if it’s too difficult for grown-ups, write for children


IMG_1499Wow, I’m a whole week late with this one! Sorry, T.C! Without further delay…

Dear Daphne –

Eighteen-year-old Georgia Bowen hasn’t looked at a mirror in six years, and with good reason: where normal people see a reflection, she sees a series of violent possible futures. Despite her secret, Georgia’s life is looking up: high school is a thing of the past, she gets to wear flip-flops to her summer job and college starts in a few weeks.

But when she inadvertently attracts the attention of a dangerous organization, Georgia must adapt to a new world: one in which she’s not the only person with a gift, and where the Guardians, a clandestine group that’s several millennia old, are rapidly snapping up the gifted for their own nefarious purposes. When Georgia is kidnapped by a resistance group who hopes to use her to their advantage, it becomes clear that her connection to the conflict runs deeper than she thought. Knowing that going home puts her family at risk, Georgia must choose between joining the ragtag resistance and striking out on her own. And she must master her gift to stay one step ahead of those who would use her.

Looking Glass Darkly is a YA contemporary fantasy that takes readers from rural Virginia to an island in South Carolina. The manuscript is complete at 81,000 words. I hope it will appeal to fans of Mark Frost’s The Paladin Prophecy.

Thank you for your time and consideration.

Best, T.C.

My first thought: Hooray! We won’t have to deal with a YA heroine looking in a mirror to describe herself! Then I stopped being flippant, and kept reading.

I’m afraid beyond the detail of the mirror, this reads as very generic to me. With a little time, I feel like I could come up with dozens of gifted-teen-sought-by-secret-organization-for-nefarious-purposes-who-finds-shelter-with-a-resistance plots*. And sure, you may say, when you put it like that, it does sound generic. So what I’d want to see in the author’s query is what sets it apart from the expected.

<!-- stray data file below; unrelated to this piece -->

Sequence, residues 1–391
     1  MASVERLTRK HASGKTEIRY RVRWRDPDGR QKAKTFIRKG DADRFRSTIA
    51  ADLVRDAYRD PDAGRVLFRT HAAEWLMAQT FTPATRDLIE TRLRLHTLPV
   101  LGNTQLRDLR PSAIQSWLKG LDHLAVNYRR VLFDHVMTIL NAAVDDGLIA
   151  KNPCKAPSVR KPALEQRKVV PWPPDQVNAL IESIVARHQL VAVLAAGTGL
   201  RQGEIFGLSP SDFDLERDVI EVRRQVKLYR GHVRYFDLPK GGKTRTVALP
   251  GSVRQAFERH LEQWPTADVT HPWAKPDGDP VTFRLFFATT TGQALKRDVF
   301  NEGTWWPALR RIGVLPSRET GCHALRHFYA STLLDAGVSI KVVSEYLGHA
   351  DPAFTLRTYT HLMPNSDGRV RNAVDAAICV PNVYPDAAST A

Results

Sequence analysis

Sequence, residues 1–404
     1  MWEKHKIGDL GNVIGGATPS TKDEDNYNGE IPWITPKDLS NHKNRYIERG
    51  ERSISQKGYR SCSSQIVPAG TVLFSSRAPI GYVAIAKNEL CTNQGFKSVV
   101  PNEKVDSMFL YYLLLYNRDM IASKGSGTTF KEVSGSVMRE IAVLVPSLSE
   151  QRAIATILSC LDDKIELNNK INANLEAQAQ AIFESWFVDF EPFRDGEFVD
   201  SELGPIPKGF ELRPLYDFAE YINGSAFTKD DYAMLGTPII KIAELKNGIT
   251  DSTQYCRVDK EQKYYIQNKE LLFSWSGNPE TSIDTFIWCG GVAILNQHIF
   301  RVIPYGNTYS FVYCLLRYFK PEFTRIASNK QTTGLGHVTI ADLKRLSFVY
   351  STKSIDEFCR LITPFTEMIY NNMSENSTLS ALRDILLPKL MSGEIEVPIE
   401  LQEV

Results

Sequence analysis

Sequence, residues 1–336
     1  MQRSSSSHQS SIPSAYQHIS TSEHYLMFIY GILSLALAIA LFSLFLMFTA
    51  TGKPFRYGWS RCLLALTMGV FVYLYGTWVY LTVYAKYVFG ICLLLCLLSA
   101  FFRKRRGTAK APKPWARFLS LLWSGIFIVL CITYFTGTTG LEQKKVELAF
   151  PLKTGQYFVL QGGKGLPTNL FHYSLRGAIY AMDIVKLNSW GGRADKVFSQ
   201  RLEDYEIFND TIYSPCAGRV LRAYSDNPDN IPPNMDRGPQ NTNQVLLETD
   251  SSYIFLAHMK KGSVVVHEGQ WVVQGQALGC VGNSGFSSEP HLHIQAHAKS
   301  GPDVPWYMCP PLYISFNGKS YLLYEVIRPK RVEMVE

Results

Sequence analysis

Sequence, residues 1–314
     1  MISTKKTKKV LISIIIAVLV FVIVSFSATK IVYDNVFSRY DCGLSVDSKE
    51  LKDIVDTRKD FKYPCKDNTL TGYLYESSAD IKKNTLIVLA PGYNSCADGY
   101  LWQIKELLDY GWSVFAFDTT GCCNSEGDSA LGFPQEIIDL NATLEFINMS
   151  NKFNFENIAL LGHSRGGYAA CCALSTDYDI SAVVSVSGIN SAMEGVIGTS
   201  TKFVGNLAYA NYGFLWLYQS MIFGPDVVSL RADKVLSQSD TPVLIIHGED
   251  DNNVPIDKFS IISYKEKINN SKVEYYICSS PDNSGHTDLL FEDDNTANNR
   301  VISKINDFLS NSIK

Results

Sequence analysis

What makes Georgia’s story unique? Who are the individuals she encounters that tie her to the Guardians, or the resistance group? Who exactly in her family does she have to keep safe? A little brother? Her widower father? Her pet turtle? And if you’re going to tell me she’s adapting to a new world where she’s not the only person with a gift, I’d love to see those other gifted teens (or adults). How does she feel about them, specifically?

You may also want to convey more about Georgia’s journey — not just emotionally, but physically. While rural Virginia to coast South Carolina may in actuality be vastly different, to the greater population of the US reading public (and, if you find an agent who frequently sells foreign rights, to the world) that’s not a big move. From the Southern East Coast corridor to the Southern East Coast corridor.

In general, look to find a way to give us the details that make Georgia’s specific story interesting, and her character one we’d like to hang out with for the length of a novel. Good luck!

*And, in fact, I already represent one – Susan Adrian‘s TUNNEL VISION, which comes out from St. Martin’s Press in 2015.

Photo by me! Of my flip flops, taken during my 2010 picture-a-day photo project.

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